The following open caveats are specific to the Cisco CRS-1 platform:
LED on 5x1GE SPA stays OFF after subslot shut and unshut
After shutting down power for a 5x1GE SPA card, the LED for this SPA card goes OFF and stays OFF forever, even after unshutting the SPA card.
This is seen after shutting and unshutting the 5x1GE SPA cards.
To shut:RP/0/RP1/CPU0:router(config)#hw-module subslot 0/4/3 shutdown unpowered
To unshut:RP/0/RP1/CPU0:router(config)#no hw-module subslot 0/4/3 shutdown unpowered
Reload the jacket card to recover this issue.RP/0/RP1/CPU0:router#hw-module location 0/4/sp reload
entPhysicalParentRelPos not giving correct slot number
In logical router configurations (SDRs) it is possible that the Entity-MIB entity physical relative position object (entPhysicalRelPos) does not match the actual slot number which is included in the Entity MIB entity physical name (entPhysicalName). According to the RFC, these do not have to match. However, it is recommended that they do match.
Network management systems, for example Cisco ANA, incorrectly model the slot number for logical router configurations.
This issue only arises in SDR configurations.
Resolved Cisco IOS XR Software PSIRT-Related Caveats
BGP flaps due to unknown attribute
Cisco IOS XR Software contains a vulnerability in the Border Gateway Protocol (BGP) feature. The vulnerability manifests itself when a BGP peer announces a prefix with a specific, valid but unrecognized transitive attribute. On receipt of this prefix, the Cisco IOS XR device will corrupt the attribute before sending it to the neighboring devices. Neighboring devices that receive this corrupted update may reset the BGP peering session.
Affected devices running Cisco IOS XR Software corrupt the unrecognized attribute before sending to neighboring devices, but neighboring devices may be running operating systems other than Cisco IOS XR Software and may still reset the BGP peering session after receiving the corrupted update. This is per standards defining the operation of BGP.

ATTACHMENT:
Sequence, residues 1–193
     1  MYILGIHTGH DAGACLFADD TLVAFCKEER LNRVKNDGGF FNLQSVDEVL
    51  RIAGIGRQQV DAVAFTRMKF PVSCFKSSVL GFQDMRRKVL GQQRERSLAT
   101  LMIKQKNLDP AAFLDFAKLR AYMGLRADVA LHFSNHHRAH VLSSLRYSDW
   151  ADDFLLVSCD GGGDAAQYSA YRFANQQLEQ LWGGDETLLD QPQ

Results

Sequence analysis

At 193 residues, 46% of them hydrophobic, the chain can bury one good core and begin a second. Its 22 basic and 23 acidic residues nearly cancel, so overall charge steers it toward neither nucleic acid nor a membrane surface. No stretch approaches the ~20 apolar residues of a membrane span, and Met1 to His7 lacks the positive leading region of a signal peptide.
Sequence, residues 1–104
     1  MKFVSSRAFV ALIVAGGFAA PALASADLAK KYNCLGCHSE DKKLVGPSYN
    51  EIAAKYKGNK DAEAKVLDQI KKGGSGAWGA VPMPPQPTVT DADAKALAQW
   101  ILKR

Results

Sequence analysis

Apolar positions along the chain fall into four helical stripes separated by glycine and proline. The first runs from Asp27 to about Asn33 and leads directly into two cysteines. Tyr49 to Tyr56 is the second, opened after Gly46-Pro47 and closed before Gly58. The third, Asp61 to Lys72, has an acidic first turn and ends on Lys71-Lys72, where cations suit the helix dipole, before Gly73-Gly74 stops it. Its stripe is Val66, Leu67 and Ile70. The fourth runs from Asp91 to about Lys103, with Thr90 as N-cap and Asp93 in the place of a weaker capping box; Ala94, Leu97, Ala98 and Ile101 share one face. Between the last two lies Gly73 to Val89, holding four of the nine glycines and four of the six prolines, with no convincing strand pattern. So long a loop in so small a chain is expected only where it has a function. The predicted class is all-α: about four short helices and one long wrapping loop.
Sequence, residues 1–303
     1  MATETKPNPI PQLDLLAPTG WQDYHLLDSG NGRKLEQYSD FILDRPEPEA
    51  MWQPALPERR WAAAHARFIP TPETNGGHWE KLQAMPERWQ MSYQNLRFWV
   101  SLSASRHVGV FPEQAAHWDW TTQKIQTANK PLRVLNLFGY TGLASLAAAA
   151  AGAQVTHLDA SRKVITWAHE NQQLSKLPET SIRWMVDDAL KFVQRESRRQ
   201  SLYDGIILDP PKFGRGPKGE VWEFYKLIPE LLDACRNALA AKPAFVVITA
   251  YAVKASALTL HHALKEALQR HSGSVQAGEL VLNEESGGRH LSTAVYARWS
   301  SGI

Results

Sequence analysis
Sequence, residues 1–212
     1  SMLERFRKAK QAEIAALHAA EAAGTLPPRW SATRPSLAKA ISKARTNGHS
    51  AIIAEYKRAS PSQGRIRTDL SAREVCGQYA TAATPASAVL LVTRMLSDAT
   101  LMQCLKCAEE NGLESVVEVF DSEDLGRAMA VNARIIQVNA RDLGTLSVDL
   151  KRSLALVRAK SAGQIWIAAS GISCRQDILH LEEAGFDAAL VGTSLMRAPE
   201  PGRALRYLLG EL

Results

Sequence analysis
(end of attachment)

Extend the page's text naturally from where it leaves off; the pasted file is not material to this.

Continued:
No workaround. Cisco developed a fix that addresses this vulnerability and will be releasing free software maintenance upgrades (SMUs) progressively starting 28 August 2010.
A Security Advisory is posted at http://www.cisco.com/warp/public/707/cisco-sa-20100827-bgp.shtml
Upgrading Cisco IOS XR Software
Cisco IOS XR software is installed and activated from modular packages, allowing specific features or software patches to be installed, upgraded, or downgraded without affecting unrelated processes. Software packages can be upgraded or downgraded on all supported card types, or on a single card (node).
Software packages are installed from package installation envelope (PIE) files that contain one or more software components.
The following URL contains links to information about how to upgrade Cisco IOS XR software:
Note Cisco IOS XR Software Release 3.9.0 requires a 2-GB Flash Disk as a minimum. Therefore, you must upgrade an existing PCMCIA 1-GB Flash Disk to 2 GB before upgrading to Cisco IOS XR Software Release 3.9.0. For more information, see the "Minimum Flash Disk Requirements When Upgrading to Release 3.9.0" section.
For information on troubleshooting Cisco IOS XR software, refer to the Cisco IOS XR Troubleshooting Guide for the Cisco CRS-1 Router and the Cisco IOS XR Getting Started Guide for the Cisco CRS-1 Router.
The most current Cisco CRS-1 Router hardware documentation is located at the following URL:
The Cisco IOS XR software documentation set includes the Cisco IOS XR software configuration guides and command references, as well as a getting started guide. See About Cisco IOS XR Software Documentation for Release 3.9 for a list of Cisco IOS XR Release 3.9.0 software documentation.
The most current Cisco CRS-1 Router software documentation is located at the following URL:
Obtaining Documentation and Submitting a Service Request
For information on obtaining documentation, submitting a service request, and gathering additional information, see What's New in Cisco Product Documentation at: http://www.cisco.com/en/US/docs/general/whatsnew/whatsnew.html.
Subscribe to What's New in Cisco Product Documentation, which lists all new and revised Cisco technical documentation, as an RSS feed and deliver content directly to your desktop using a reader application. The RSS feeds are a free service.
This document is to be used in conjunction with the documents listed in the "Related Documentation" section.